8. It is then argued that, assuming that the mortgage of 1882 was in full force when the 3rd mortgage of 1888 was executed, any right to enforce that mortgage at the time when this action was brought was barred by the law of limitation and the mortgagee has therefore lost his priority against the appellants; for this contention they rely on the authority of Muhammad Ibrahim Hussain Khan v. Ambica Prasad Singh I.L.R. (1912) C. 527, already referred to. The article of limitation applicable to the suit is Article 132. The suit was instituted on the 2nd October 1913. The mortgage money on the terms of the first bond was payable on demand, and we assume that the money was payable on the date of the bond that is, the 8th of July 1882, though that is by no means clear. See Perumal Ayyen v. Alagirisami Bhagavathar I.L.R. (1896) M. 245, Nallakaruppa Goundan v. Kumaraswami Goundan : (1898)8MLJ167 , Vythialinga Nadan v. Narayanaswami (1897) 16 M.L.J. 364 and Periyanna Goundan v. Muthuveera Goundan I.L.R. (1897) M. 139. Of Narana v. Ammani Amma I.L.R. 39 M. 981 : 31 M.L.J. 865 Ed. On the 15th December 1900, that is, within 12 years from the date of the 3rd mortgage, a sum of Rs. 5 was paid towards the principal and interest due on the mortgage by the manager of the mortgagors and a similar sum was paid on the 9th December 1903. The fact of the payment appears in the handwriting of the person making it and there is no question that the manager had authority to make these payments, It is not disputed that by these two payments the action is under Section 20 of the Indian Limitation Act set free generally and not merely against the mortgagor, nor is it contended that these payments were not payments towards the debt secured by the 1st instrument of mortgage, for as we have already held there is only one debt which is secured by both the mortgages. The contention is that the mortgage of 1888 though it may amount to an acknowledgment of liability by the mortgagor and thereby save the limitation against him under Section 19 of the Act, has no such effect against the mortgagee; because an acknowledgment under Section 19 it is said, unlike a payment under Section 20 is good only against the person acknowledging and those who derive their title under him, which, it is said, means a person who derives the title subsequent to and subject to that acknowledgment. For the last position the observations of Mookerjee J. in Surjiram Marwari v. Braham Deo Prasad (1905) 2 C.L.J. 337 etseq are strongly relied on.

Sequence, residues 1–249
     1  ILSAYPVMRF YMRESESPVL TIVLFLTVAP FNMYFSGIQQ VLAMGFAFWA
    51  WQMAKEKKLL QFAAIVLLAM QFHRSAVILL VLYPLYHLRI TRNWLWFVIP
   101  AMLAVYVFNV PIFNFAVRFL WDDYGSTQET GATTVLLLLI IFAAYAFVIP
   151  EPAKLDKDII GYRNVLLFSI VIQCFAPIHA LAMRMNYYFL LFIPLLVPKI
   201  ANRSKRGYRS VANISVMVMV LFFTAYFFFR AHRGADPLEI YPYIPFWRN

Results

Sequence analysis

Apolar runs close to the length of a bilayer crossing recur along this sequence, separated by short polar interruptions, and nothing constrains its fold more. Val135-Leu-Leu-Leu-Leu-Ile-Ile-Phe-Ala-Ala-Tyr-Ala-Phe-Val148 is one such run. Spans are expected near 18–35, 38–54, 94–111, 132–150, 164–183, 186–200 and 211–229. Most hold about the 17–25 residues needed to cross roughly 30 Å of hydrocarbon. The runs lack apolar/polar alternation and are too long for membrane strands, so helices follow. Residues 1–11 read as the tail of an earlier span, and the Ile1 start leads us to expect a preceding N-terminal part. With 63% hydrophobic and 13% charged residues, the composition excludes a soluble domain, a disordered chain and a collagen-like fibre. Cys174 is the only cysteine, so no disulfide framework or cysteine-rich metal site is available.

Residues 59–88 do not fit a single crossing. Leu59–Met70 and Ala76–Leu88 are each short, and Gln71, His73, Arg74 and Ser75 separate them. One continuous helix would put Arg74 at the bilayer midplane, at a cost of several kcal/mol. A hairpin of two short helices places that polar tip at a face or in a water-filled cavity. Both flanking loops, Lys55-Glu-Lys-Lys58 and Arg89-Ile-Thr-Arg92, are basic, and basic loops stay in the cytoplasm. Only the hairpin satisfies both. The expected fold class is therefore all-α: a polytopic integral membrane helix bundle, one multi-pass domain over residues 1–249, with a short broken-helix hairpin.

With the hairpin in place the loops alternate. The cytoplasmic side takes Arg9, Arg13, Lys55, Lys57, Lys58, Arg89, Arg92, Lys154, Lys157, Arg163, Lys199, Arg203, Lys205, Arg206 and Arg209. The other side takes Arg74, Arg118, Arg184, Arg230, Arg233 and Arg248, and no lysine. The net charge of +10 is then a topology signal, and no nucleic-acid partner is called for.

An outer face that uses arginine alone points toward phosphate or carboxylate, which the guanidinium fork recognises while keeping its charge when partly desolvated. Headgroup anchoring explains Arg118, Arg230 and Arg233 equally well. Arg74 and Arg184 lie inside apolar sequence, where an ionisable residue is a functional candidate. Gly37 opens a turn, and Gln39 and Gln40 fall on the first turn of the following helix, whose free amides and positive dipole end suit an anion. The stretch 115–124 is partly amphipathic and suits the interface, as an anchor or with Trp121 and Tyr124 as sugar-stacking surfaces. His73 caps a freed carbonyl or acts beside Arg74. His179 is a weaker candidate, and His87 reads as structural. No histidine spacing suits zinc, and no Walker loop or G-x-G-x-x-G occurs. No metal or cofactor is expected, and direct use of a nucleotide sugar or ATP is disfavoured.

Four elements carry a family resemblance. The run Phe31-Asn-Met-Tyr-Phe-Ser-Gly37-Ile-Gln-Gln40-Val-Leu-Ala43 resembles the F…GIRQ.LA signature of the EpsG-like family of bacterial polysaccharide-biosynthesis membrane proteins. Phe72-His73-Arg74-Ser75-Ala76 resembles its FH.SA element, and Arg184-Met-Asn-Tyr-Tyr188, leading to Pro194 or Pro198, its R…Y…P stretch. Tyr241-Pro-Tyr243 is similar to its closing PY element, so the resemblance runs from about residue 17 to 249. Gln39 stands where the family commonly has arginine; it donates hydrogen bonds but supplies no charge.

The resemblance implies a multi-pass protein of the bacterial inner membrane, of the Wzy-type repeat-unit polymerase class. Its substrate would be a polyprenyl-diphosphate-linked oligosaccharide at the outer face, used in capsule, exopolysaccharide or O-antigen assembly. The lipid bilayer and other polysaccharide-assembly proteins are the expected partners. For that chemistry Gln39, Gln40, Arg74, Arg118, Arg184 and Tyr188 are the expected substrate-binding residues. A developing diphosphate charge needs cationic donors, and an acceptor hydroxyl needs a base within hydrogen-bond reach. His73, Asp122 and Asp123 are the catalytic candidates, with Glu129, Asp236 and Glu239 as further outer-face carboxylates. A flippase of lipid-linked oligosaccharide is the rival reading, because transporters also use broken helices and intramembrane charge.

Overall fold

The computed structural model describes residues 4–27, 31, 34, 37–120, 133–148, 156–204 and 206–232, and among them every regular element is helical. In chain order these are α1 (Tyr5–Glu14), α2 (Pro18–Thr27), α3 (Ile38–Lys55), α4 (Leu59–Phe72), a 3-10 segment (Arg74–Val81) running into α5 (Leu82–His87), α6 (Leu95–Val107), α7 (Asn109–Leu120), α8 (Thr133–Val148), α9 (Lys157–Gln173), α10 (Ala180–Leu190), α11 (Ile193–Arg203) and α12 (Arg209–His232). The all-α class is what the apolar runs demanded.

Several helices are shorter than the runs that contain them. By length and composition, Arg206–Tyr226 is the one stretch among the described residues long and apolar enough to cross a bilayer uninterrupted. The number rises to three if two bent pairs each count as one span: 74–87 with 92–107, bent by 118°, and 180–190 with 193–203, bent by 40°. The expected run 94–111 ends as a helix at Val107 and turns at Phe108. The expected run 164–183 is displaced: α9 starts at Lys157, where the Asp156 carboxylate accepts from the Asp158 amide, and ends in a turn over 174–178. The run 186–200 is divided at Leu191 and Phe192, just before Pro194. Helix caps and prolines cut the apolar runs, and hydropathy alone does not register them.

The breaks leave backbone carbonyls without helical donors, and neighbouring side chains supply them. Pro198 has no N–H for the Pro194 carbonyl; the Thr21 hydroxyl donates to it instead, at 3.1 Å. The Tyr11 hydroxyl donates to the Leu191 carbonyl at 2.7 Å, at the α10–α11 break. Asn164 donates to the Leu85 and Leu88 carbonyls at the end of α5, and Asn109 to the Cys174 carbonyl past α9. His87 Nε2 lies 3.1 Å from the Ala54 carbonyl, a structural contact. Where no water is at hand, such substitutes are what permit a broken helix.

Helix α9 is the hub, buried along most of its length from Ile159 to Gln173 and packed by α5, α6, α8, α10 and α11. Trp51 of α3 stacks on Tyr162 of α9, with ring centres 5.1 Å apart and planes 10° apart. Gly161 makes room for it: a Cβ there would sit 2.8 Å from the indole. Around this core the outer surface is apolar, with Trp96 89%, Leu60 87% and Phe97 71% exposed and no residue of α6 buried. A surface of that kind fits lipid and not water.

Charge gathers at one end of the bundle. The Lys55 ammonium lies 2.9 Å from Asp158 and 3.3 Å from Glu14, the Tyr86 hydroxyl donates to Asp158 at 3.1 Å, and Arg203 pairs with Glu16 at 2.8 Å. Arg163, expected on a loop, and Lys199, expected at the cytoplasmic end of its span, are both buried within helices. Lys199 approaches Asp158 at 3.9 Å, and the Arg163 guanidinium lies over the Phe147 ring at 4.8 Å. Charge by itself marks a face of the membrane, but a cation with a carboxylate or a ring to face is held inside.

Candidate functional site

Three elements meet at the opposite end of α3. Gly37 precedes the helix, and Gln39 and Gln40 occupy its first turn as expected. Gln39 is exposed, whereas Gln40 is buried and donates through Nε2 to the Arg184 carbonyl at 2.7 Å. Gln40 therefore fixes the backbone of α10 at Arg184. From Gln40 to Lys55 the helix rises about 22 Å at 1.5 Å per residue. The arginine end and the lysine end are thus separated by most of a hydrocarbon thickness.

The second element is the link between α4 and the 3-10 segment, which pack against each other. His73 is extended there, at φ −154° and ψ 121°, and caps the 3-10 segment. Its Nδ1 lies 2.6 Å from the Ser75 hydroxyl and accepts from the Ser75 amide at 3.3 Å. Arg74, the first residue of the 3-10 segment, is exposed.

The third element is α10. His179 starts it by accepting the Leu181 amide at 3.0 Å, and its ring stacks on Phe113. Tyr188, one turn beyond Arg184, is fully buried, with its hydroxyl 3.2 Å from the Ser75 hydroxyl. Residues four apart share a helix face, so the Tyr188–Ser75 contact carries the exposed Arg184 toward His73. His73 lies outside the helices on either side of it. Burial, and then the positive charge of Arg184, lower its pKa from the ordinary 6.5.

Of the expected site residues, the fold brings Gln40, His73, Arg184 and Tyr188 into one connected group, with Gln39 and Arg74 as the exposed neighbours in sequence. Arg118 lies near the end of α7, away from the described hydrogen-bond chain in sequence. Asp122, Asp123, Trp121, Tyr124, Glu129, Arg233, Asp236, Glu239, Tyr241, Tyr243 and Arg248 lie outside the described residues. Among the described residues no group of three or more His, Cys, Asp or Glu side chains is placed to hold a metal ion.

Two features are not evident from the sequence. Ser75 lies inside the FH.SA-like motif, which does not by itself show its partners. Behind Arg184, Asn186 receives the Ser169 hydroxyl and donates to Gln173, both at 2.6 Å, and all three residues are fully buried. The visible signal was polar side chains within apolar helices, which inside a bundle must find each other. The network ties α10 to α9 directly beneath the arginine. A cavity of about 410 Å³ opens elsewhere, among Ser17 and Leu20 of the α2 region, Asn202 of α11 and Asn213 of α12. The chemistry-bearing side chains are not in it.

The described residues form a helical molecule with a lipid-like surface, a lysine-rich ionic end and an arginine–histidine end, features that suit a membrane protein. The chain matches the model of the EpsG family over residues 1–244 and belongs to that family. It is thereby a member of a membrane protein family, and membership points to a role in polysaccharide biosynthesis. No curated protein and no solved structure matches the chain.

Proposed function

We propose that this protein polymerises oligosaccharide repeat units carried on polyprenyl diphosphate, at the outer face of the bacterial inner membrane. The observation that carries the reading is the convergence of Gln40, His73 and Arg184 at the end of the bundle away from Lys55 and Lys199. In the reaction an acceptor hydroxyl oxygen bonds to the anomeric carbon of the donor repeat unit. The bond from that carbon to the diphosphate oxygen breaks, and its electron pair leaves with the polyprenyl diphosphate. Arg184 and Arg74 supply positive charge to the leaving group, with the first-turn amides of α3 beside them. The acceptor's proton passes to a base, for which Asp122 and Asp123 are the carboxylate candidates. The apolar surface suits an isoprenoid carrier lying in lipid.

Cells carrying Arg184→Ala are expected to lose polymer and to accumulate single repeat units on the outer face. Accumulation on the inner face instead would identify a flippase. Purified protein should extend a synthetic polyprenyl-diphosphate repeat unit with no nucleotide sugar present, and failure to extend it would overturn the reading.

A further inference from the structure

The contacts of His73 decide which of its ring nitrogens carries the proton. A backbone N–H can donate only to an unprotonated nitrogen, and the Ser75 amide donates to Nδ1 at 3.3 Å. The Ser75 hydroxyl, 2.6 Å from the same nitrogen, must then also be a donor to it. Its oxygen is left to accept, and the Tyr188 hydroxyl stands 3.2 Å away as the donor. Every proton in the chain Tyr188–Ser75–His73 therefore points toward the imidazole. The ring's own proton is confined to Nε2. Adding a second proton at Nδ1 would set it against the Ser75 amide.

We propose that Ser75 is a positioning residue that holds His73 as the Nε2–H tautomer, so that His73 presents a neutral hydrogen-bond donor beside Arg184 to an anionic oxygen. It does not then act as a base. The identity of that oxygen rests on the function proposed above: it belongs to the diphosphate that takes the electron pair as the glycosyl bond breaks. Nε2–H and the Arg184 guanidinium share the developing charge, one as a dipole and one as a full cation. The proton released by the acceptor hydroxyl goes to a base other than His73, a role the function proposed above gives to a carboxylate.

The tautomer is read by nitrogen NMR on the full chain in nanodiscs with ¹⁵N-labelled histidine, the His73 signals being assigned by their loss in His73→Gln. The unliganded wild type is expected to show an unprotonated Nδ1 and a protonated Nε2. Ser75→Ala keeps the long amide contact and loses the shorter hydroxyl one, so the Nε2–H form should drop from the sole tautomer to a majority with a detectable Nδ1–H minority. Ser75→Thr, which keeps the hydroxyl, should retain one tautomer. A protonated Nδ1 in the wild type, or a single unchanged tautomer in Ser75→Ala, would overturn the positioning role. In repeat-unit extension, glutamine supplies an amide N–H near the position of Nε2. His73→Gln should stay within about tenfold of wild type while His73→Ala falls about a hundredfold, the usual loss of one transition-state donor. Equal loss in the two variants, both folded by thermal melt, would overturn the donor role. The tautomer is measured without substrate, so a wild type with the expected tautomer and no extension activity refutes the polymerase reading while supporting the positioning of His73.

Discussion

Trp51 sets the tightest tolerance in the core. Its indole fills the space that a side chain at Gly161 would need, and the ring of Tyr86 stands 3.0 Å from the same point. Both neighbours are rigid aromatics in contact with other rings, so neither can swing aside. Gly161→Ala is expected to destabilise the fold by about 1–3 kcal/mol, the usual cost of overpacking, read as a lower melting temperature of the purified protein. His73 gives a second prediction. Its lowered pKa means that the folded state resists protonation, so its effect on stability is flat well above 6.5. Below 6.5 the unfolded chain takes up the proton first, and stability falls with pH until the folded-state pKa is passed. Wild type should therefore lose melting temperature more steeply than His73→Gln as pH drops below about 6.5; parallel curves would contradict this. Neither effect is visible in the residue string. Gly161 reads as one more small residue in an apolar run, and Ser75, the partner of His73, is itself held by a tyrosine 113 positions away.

9. The obvious answer to this contention is that the mortgage money did not become due till the 30th December 1893 or at the earliest till the covenant for the payment of interest in the third mortgage was broken, for until then the mortgagee had no right to demand or to sue for the mortgage money. This is not a case where there are two covenants to secure the payment of a debt one under the mortgage of 1882 and another under the mortgage of 1888 but only one viz., that under the later document which superseded the former; and so long as the latter covenant remained unbroken the mortgagee cannot demand or recover the mortgage money, Bolton v. Buckenham (1891) L.R. 1 Q.B. 278. The mortgagee is not suing on the mortgage of 1882 as it stood when it was executed, as is assumed in the argument but on that mortgage as varied by the subsequent agreement which agreement I have already held in no way impaired the security, as against the second mortgagee. The case in the Privy Council was different in its facts and the principle of law acted upon in that case is in no way inconsistent with my conclusion. In that case the facts were these : First, there was a mortgage in favour of A. in 1874 which in the events that happened became repayable in 1887. In February 1888 the mortgagor's representative borrowed from X the sum necessary to discharge A's debt and executed a mortgage of the sane properties to X. A's debt was paid out of the sum so borrowed. In the meantime several encumbrances had been created by the mortgagor or his representative on the whole or portions of the properties mortgaged to A and X. X assigned his mortgage to the plaintiffs who sued to recover the money due to him by enforcing the charge on the 22nd September 1900, which was within 12 years from the due date under the bond to X, and claimed oriority over the mesne encumbrances. Their Lordships held (a) that he was entitled to priority as he was subrogated to the rights of the first mortgagee (b) that by that subrogation he had the same rights as an assignee of the 1st mortgage and was entitled to enforce that mortgage according to its terms (c) that as an action to enforce that mortgage had became barred - they do not say the action is barred against the mesne mortgagees and not against the mortgagor - the rights under that mortgage could not be enforced (d) that that did not prevent the mortgagee from enforcing his own mortgage and recovering his mortgage money, but that gave him no priority. It will be seen at once that there was no alteration, or substitution of the covenant in the 1st mortgage by a later covenant as there was in this case, though an attempt appears to have been made to argue that there was, which on the facts of that case could not be made out. See Muhammad Ibrahim v. Ambica Prasad (1912) 15 C.L.J. 414. There were in fact two covenants in favour of the plaintiff one under the original mortgage to A of which he became the equitable assignee by subrogation on breach of which in 1887 he was at liberty to enforce the payment of the mortgage money within 12 years of that date as a first charge and another covenant under the document of 1888 in favqur of X of which he became the assignee by actual transfer which he could have enforced only on its breach. It is to be noted that their Lordships do not say that the action against the mortgagor was one to enforce the 1st mortgage as modified by the subsequent deed as that would not be correct on the facts of that case. The present case is like that in Barnashi Pershad Chowdhri v. Johori Lal (1904) 8 C.W.N. 385 which was referred to and distinguished by the High Court at Calcutta in the case in which their judgment on this point of limitation was confirmed by the Privy Council. It is on this principle that Mookerjee, J. finally rested his judgment in Sarji Ram v. Brahmadeo (1905) 2 C.L.J. 202 for he come to the conclusion 1;hat although a suit on the first mortgage if unaffected by any agreement between the mortgagor and the first mortgagee would be barred, in asmuch as there was an agreement or arrangement between them for the discharge of the debt so long a that arrangement lasted or the agreement remained unbroken, the first mortgagee could not su3 and there was a suspension of remedy and the action was not barred. The actual decision in that case is against the appellants.